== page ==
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## 5. Behaviour of non-linear systems

Finite escape time: The state of an unstable linear system goes
to infinity as time approaches to infinity. Where as the state of an
unstable non-linear system can go to infinity in finite time.

Multiple equilibrium points: Consider the LTI system
x A x =
If A is non-singular we have only one equilibrium point at the
origin. Thus, it can have only one steady state operating point
that attracts all the trajectories, whatever the initial state is.
Where as a non-linear system can have more than one
equilibrium point; and the state of the system will converge to one
of the equilibrium point depending on the initial state.

Limit cycles: In a LTI system, we know that, sustained
oscillations with fixed amplitude are resulted when there is a pair
of Eigen values with zero real part. But this is highly impractical
since the system cannot remain in that state due to perturbations.
Furthermore, the amplitude of oscillation depends on initial
conditions.
Practically, non-linear systems can produce stable oscillations
with fixed amplitude and frequency irrespective of the initial state.
This type of oscillations is termed as limit cycle

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Sub harmonic and harmonic oscillations: A linear system with
a periodic input can produce a response with same frequency. In
other words linear systems cannot produce new frequencies,
where as a non-linear system can produce frequencies that are
multiples and submultiples of the input frequency.

Multiple modes of behaviour: Some non-linear systems exhibit
different modes of behaviour. Examples are:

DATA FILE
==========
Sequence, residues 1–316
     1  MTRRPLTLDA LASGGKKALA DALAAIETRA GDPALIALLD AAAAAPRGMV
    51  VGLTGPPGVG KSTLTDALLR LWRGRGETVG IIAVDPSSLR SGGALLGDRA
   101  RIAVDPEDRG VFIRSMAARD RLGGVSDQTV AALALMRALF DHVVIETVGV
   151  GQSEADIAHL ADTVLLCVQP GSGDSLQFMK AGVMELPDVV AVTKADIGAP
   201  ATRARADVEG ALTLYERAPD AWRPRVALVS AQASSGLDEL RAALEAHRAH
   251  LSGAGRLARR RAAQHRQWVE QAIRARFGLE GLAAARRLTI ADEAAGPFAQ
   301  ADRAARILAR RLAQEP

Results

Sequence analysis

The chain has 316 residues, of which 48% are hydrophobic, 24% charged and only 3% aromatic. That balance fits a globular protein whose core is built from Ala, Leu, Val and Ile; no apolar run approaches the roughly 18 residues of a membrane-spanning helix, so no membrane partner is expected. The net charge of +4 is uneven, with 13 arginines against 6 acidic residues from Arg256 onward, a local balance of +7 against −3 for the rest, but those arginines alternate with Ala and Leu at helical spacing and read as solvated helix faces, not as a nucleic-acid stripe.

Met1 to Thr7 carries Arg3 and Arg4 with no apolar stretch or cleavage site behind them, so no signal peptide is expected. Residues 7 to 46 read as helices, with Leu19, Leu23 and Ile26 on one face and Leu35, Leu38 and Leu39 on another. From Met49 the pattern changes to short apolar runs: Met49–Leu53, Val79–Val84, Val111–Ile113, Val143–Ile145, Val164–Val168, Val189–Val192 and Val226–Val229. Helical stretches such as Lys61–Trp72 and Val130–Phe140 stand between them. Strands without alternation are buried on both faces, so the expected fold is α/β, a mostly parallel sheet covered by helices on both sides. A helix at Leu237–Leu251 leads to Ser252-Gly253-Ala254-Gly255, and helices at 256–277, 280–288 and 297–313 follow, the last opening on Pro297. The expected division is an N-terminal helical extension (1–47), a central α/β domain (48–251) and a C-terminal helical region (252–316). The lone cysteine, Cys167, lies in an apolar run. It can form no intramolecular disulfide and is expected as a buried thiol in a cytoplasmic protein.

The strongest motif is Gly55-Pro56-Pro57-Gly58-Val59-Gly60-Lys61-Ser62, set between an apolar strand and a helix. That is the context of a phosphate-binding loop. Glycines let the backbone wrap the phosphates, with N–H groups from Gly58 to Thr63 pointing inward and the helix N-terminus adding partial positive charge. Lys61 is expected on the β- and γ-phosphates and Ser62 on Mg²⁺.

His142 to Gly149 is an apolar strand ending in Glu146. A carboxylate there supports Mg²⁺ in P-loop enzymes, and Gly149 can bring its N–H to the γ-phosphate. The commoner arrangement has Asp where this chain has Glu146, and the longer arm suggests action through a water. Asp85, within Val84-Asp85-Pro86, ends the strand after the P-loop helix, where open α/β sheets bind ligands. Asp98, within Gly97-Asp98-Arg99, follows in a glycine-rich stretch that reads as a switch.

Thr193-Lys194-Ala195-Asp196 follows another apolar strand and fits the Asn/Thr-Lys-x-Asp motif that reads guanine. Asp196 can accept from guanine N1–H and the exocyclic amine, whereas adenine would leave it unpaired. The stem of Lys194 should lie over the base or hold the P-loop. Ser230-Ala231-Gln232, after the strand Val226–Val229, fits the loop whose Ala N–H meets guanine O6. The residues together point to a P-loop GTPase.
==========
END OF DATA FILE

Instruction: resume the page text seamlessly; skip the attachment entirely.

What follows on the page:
An unforced non-linear system can exhibit more than one limit
cycle. These limit cycles may or may not be stable.
A forced non-linear system with periodic oscillations can exhibit
harmonic, sub harmonic, or complicated steady state behaviour,
depending upon the amplitude and frequency of the input.
As the amplitude and frequency of the input is varied, the system
may exhibit discontinuous jump in the response.

Chaos: Some non-linear system exhibit peculiar and complicated
steady state behaviour called chaos. Once such chaotic non-
linear process is happened a structure, that have a fractal
dimension called fractals, is left behind. These are neither
equilibrium points nor oscillations (limit cycles) as in non-chaotic
non-linear systems.
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Examples
Pendulum equation

Consider the pendulum shown in the figure. l is the length of the
rod and m is the mass of the bob. There is a downward
gravitational force given by mg, where g is the gravitational
acceleration. There is also a frictional force resisting the motion,
which is proportional to the coefficient of friction k. Using Newtons
second law of motion, the dynamics of the pendulum is given by
u u u

kl mg ml = sin (Obtain this) u
Defining u =
1
x and u